First step when suspecting a misconduct

We are often contacted by people suspecting a misconduct in some research articles. However, our project, scientificredcards, doesn’t aim at assessing nor investigating misconducts because we are not legitimate to take such actions (we are simple researchers after all). Nevertheless, in such cases, we try to help as far as possible, for instance by recommending this person to agencies which mission is to investigate misconduct.

In case you find yourself in such a situation, we propose here a template of a typical email that you can send to the university in which research was carried out.

Dear Professor XXX, President of University XXX,

cc Office of Research Integrity (ORI) /or_equivalent/

I suspect a possible research misconduct in publications describing work funded by /name_of_the_funding_agency/.

I have downloaded the publications from /name_of_the_author(s)/, currently at your University, and believe an investigation needs to be carried out in accordance with your Policy and Procedures on handling complaints of scientific misconduct, and any relevant rules and regulations of the /funding_body/ and /ORI_or_equivalent/.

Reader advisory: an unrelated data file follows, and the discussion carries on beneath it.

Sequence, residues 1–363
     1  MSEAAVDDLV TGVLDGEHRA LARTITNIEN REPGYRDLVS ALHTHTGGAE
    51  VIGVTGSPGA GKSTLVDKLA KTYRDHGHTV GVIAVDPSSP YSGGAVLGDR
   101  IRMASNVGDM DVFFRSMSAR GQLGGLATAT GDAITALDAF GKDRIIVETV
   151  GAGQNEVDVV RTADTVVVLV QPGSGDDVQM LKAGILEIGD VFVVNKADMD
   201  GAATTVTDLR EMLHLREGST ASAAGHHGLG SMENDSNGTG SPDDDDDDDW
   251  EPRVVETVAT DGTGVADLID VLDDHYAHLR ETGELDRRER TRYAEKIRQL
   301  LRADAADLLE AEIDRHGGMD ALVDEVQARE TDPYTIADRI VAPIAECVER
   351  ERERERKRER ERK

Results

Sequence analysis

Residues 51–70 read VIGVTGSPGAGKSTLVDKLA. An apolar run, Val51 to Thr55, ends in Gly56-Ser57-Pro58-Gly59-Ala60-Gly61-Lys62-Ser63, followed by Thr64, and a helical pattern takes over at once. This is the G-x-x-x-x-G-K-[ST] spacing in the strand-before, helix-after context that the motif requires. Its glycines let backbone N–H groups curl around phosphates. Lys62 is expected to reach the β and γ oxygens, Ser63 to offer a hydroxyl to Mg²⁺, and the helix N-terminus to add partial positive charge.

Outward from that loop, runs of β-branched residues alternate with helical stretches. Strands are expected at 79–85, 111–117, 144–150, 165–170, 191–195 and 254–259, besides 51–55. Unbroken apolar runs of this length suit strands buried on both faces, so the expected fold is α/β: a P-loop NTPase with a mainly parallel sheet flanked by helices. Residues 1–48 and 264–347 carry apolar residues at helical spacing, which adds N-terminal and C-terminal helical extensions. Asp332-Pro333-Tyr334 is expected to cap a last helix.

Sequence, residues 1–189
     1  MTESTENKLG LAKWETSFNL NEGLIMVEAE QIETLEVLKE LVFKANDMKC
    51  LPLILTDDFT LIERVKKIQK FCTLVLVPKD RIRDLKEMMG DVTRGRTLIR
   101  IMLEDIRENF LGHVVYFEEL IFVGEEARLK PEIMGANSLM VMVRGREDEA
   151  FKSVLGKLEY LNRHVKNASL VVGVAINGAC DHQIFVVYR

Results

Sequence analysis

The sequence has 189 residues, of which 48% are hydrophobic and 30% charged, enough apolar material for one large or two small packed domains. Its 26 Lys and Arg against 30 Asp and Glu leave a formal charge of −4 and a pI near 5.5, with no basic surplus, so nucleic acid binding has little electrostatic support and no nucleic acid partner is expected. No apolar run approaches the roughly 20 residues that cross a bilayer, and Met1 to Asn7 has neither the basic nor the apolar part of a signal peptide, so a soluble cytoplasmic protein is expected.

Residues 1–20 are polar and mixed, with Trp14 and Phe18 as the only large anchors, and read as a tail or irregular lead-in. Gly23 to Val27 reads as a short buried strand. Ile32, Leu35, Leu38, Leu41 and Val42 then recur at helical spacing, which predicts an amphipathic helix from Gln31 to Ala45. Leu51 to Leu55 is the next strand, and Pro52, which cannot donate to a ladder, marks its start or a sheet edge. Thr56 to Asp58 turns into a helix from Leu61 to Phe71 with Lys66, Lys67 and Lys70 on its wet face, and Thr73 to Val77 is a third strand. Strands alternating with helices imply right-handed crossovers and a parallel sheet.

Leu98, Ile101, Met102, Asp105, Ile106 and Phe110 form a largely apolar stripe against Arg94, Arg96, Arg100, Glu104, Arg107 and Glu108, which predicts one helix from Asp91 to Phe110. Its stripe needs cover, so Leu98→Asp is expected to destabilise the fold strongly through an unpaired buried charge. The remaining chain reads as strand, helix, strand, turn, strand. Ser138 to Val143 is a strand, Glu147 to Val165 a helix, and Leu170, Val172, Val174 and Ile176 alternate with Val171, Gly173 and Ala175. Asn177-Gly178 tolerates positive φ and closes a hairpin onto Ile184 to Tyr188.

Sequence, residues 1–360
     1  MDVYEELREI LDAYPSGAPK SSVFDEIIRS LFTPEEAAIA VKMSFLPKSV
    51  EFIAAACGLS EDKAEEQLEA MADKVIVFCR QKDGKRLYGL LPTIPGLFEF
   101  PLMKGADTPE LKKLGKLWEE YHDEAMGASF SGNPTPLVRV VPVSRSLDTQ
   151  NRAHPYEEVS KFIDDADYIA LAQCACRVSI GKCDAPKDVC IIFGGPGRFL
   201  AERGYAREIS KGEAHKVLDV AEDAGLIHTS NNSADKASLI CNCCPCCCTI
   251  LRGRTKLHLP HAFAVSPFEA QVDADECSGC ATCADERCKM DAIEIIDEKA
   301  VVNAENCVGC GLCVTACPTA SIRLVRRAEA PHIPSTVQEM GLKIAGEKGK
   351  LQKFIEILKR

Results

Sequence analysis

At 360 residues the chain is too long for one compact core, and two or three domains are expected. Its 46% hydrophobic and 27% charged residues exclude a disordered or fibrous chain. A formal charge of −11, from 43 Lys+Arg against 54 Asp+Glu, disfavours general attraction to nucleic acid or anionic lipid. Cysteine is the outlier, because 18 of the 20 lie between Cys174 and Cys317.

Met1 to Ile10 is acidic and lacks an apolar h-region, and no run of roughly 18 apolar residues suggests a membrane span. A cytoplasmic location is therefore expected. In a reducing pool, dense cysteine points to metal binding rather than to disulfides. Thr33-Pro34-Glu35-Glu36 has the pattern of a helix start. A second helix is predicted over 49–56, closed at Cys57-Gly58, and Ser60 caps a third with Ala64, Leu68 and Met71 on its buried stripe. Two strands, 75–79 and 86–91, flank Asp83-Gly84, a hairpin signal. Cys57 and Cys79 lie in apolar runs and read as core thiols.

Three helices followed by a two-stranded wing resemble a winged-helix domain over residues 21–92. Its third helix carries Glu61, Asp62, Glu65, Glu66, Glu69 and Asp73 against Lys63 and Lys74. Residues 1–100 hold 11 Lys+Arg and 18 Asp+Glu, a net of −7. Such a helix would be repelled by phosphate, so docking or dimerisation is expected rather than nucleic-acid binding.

The specific allegations I wish to make are:

1. In the publication /add_ref/ (pdf attached), it states that …

2. In the publication /add_ref/ (pdf attached), the figure …

3. …

Could you therefore please carry out a preliminary investigation to determine whether you agree that these matters warrant the initiation of an Initial Inquiry by a Review Committee?
If such an inquiry is carried out, it should not be limited to only these items, but should be extended to determine whether this is the entire extent of possible misconduct.

Could you also please acknowledge receipt of this message?

Yours sincerely,


It would also be possible to add in cc the editor-in-chief of the journal(s) in which the suspected paper(s) has(ve) been published.

You might have also noticed that the Office of Research Integrity is mentioned several times in the email. For cases in the US, it seems to be the organization of choice to include in your email. If another country is involved, it seems more logical to replace the ORI by its equivalent in that country. If there is no such equivalent, well, you know what you have to do: convince your colleagues to lobby and ask for the creation of a permanent structure which missions is to handle misconduct cases!

(february 2013)


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